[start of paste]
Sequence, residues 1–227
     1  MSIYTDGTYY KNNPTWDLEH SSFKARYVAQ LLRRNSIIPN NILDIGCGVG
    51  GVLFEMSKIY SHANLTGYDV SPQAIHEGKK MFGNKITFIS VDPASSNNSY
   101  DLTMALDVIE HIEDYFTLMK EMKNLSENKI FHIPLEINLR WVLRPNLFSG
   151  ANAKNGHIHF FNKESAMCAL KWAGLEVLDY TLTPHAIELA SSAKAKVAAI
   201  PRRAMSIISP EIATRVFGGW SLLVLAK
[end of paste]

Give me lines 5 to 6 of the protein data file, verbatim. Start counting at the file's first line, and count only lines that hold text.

   151  ANAKNGHIHF FNKESAMCAL KWAGLEVLDY TLTPHAIELA SSAKAKVAAI
   201  PRRAMSIISP EIATRVFGGW SLLVLAK